At the University of Vienna Hayek enrolled in the program of Staatswissen-schaften, which was a combined program of law, economics, and public administration, common at German-language universities. But his first interests were more in the philosophy of science as developed by Ernst Mach, the physicist famous for formulating the idea that theories and models provide the most “economic” explanation of the facts, as well as theoretical psychology, to which Mach also contributed. The biography does not tell us in great detail what was going on intellectually in all these different fields in Vienna, which was also one of the great intellectual centers of the age. But the book does wonderfully illustrate Hayek’s journey through these disciplines, and how the open university system, common at the time, made this possible. This broad intellectual culture was further stimulated in the many Vienna circles that typically met in private homes, and it was not long before Fürth and Hayek and their friends founded their own circle, the Geistkreis.

Around 1921 Hayek finally opted for economics over psychology, more out of pragmatic concerns than ideals. Economics offered better secondary job opportunities in a city where academic jobs were scarce. His first mentor in economics was Friedrich Wieser, who was nearing the end of his career but did introduce Hayek to work of Carl Menger, typically considered to be the founder of Austrian economics. Not much later he was introduced to Ludwig von Mises, who would do so much to guide Hayek’s early work in economics and beyond. Mises had recently published his famous argument against the possibility of rational economic calculation under socialism, which had an enormous impact on Hayek and some of his contemporaries. The urgency of this theme was reinforced by the fact that Vienna during these years was governed by the social-democratic party, which was directly inspired by some of the leading Austro-Marxist economists such as Victor Adler and Max Adler.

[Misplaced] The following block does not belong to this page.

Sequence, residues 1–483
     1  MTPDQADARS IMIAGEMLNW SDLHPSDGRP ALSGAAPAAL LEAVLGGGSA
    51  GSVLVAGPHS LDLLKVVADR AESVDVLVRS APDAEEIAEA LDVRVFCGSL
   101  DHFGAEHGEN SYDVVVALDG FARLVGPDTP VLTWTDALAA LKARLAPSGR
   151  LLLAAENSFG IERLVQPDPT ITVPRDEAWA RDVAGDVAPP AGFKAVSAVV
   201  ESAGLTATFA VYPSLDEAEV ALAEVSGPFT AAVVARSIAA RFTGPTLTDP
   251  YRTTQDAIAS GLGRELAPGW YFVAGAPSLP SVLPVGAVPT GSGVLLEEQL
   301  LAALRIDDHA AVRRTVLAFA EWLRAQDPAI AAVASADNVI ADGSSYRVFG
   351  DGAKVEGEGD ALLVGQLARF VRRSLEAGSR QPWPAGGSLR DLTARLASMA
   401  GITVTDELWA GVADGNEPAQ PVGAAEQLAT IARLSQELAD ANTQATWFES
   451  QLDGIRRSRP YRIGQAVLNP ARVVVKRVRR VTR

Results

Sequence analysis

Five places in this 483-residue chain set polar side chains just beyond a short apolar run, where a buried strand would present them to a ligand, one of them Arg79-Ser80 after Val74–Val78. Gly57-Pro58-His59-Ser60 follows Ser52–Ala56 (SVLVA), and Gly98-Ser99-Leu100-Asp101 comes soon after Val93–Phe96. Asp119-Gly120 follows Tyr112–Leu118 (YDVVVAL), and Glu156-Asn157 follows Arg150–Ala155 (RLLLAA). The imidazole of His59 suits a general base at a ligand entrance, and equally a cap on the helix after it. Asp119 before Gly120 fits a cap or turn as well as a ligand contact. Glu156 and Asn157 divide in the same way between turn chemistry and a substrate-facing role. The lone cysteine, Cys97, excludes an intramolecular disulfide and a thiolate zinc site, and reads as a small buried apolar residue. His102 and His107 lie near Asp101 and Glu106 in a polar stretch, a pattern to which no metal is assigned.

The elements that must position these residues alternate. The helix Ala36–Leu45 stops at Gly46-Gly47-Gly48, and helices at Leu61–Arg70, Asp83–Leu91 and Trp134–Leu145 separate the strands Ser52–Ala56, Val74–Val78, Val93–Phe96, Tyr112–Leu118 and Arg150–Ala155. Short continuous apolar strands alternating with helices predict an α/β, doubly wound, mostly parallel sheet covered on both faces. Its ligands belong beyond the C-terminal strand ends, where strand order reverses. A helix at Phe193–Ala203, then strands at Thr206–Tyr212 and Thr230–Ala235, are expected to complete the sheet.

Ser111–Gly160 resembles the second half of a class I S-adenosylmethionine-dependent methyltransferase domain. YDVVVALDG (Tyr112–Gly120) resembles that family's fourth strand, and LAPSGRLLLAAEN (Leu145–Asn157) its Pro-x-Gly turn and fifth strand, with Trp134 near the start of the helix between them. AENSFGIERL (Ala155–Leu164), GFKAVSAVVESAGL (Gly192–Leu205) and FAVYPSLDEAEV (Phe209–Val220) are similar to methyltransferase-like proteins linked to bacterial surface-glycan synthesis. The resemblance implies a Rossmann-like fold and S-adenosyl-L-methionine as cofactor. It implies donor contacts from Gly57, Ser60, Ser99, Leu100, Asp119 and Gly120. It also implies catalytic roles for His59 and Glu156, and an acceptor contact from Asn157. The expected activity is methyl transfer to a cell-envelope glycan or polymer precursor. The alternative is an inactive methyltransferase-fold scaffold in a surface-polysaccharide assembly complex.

Then Hayek went off to the United States for additional training in economics for the academic year of 1923–24. The trip was significant for his encounter with American economics and the institutional approach of Wesley Clair Mitchell, but also because it temporarily separated him from Lenerl Bitterlich, with whom he had been close to engaged at one point. But Hayek did not follow through before his departure, and when he returned to Vienna in 1924, Lenerl was married to someone else. His impression of New York and the United States was not at all favorable, and he looked with disdain at the manners and cultural life of the city. Partly because he was on an NYU stipend, he lived in quite different social circles than he had been accustomed to in Vienna and, abhorring many American customs, even grew his characteristic moustache in protest to demonstrate that he was not one of them. Ironically, his failure to marry his first love would be the primary reason for his return to the United States almost twenty-five years later.